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Network preferences and the growth of the British cotton textile industry, c.1780-1914

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  • Toms, Steven

Abstract

The paper considers the dual aspect of social networks in terms of 1) product innovators and developers and 2) the providers of finance. The growth of networks can be explained as a function of incumbents and entrants’ preferences to link with specific nodes defined according to the underlying duality. Such preferences can be used to explain network evolution and growth dynamics in the cotton textile industry, from being the first sector to develop in the industrial revolution through to its maturity. The network preference approach potentially explains several features of the long run industry life cycle: 1. The early combination of innovators with access to extensive credit networks, protected by entry barriers determined by pre-existing network structures, leading to lower capital costs for incumbents and rapid productivity growth, c.1780-1830. 2. The spread of innovation and productivity through value chain linkages during the nineteenth century. 3. The trust movement, joint stock and personal capitalism: the emergence of large firms and a preference for regional financial markets in Lancashire and Scotland. 4. The consolidation of regional instead of national business groups which help explain the decline of the industry. The paper uses case studies of firms, networks, and market institutions based on a mixture of archival evidence, drawn mainly from the financial records of a large sample of cotton firms, and contemporary publications. It stresses human interactions (as opposed to population ecology mechanisms) as determinants of the character, scale and scope of network evolution. Intergenerational features of the networks are identified and classified by these characteristics. Networks were typically bounded in terms of product innovators and less bounded in terms of finance providers. Consequently, finance providers tend to provide the impetus for the rate of network growth in expansion, maturity and contraction phases.

Suggested Citation

  • Toms, Steven, 2017. "Network preferences and the growth of the British cotton textile industry, c.1780-1914," MPRA Paper 80058, University Library of Munich, Germany.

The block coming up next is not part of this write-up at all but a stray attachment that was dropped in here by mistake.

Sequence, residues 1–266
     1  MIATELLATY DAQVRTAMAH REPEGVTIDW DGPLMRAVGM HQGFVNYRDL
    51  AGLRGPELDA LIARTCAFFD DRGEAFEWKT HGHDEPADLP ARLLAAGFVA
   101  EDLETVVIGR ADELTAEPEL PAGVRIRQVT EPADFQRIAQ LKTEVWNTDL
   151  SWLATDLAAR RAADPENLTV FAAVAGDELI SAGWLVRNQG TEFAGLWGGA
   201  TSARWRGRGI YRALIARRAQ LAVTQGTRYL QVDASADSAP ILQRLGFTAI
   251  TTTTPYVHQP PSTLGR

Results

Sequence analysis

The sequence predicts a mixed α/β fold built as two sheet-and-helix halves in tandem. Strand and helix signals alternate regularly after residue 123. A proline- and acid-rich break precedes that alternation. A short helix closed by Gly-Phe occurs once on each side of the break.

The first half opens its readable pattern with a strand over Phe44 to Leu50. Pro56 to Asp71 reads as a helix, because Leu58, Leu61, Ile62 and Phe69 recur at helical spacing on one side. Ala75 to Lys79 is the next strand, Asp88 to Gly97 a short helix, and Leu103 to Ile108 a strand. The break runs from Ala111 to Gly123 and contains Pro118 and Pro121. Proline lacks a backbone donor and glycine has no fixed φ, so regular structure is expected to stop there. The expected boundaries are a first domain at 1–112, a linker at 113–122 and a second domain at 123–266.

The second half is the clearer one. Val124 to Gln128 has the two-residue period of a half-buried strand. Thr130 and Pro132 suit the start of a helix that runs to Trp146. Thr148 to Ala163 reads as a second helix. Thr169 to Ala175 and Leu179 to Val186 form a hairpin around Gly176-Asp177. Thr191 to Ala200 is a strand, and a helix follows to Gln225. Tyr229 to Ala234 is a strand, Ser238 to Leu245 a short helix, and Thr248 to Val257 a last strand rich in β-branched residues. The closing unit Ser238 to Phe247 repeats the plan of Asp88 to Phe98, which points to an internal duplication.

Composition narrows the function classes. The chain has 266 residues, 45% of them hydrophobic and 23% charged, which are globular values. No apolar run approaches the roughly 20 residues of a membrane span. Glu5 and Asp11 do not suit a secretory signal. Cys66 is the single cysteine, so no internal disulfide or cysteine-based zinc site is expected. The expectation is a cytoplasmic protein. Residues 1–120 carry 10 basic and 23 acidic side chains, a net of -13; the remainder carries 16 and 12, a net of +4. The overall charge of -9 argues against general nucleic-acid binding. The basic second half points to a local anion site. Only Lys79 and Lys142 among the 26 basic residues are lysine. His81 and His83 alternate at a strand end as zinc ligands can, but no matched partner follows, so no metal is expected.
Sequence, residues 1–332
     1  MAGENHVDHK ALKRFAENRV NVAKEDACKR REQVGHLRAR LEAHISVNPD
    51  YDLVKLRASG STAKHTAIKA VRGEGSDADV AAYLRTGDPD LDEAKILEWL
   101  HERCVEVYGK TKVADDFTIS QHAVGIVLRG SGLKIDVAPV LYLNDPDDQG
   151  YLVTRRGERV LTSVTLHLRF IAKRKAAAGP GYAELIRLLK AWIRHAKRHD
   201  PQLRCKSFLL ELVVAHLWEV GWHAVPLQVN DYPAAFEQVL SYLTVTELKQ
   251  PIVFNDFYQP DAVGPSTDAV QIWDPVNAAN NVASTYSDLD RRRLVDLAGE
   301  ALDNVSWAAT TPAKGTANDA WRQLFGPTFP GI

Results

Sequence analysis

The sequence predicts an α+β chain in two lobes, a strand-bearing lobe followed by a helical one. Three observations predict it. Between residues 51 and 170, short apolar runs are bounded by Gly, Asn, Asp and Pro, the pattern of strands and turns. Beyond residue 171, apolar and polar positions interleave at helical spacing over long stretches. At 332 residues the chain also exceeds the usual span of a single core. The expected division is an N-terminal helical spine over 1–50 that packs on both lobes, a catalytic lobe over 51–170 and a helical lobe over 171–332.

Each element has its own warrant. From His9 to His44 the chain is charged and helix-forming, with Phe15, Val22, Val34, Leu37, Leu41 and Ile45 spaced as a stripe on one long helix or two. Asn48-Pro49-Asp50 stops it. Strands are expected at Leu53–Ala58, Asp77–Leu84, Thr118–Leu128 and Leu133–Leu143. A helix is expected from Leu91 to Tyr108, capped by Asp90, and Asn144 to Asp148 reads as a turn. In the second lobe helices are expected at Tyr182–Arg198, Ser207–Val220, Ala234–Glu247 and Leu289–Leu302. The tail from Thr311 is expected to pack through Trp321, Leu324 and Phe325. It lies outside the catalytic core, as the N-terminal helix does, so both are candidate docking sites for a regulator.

• Handle: RePEc:pra:mprapa:80058
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    File URL: https://mpra.ub.uni-muenchen.de/80058/2/MPRA_paper_80058.pdf
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    References listed on IDEAS

    as
    1. Lazonick, William, 1981. "Competition, Specialization, and Industrial Decline," The Journal of Economic History, Cambridge University Press, vol. 41(01), pages 31-38, March.
    2. Igor Filatotchev & Steve Toms, 2003. "Corporate Governance, Strategy and Survival in a Declining Industry: A Study of UK Cotton Textile Companies," Journal of Management Studies, Wiley Blackwell, vol. 40(4), pages 895-920, June.
    3. Macrosty, Henry William, 1907. "The Trust Movement in British Industry," History of Economic Thought Books, McMaster University Archive for the History of Economic Thought, number macrosty.
    4. Allen,Robert C., 2009. "The British Industrial Revolution in Global Perspective," Cambridge Books, Cambridge University Press, number 9780521868273, Fall.
    5. Toms, Steven & Zhang, Qi, 2016. "Marks & Spencer and the Decline of the British Textile Industry, 1950–2000," Business History Review, Cambridge University Press, vol. 90(01), pages 3-30, March.
    6. Robin Pearson & David Richardson, 2001. "Business Networking in the Industrial Revolution[Earlier ve]," Economic History Review, Economic History Society, vol. 54(4), pages 657-679, November.
    7. John F. Wilson & Andrew Popp, 2003. "Business networking in the industrial revolution: some comments," Economic History Review, Economic History Society, vol. 56(2), pages 355-361, May.
    8. Howe, Anthony, 1984. "The Cotton Masters 1830-1860," OUP Catalogue, Oxford University Press, number 9780198218944.
    9. Mark Casson, 1997. "Institutional Economics and Business History: A Way Forward?," Business History, Taylor & Francis Journals, vol. 39(4), pages 151-171.
    10. Steven Toms, 1998. "Windows of Opportunity in the Textile Industry: The Business Strategies of Lancashire Entrepreneurs, 1880-1914," Business History, Taylor & Francis Journals, vol. 40(1), pages 1-25.
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    More about this item

    Keywords

    Business networks; British cotton textile industry; innovation; finance; regions; entrepreneurship; mergers.;

    JEL classification:

    • L14 - Industrial Organization - - Market Structure, Firm Strategy, and Market Performance - - - Transactional Relationships; Contracts and Reputation
    • L26 - Industrial Organization - - Firm Objectives, Organization, and Behavior - - - Entrepreneurship
    • N23 - Economic History - - Financial Markets and Institutions - - - Europe: Pre-1913
    • N83 - Economic History - - Micro-Business History - - - Europe: Pre-1913
    • O33 - Economic Development, Innovation, Technological Change, and Growth - - Innovation; Research and Development; Technological Change; Intellectual Property Rights - - - Technological Change: Choices and Consequences; Diffusion Processes

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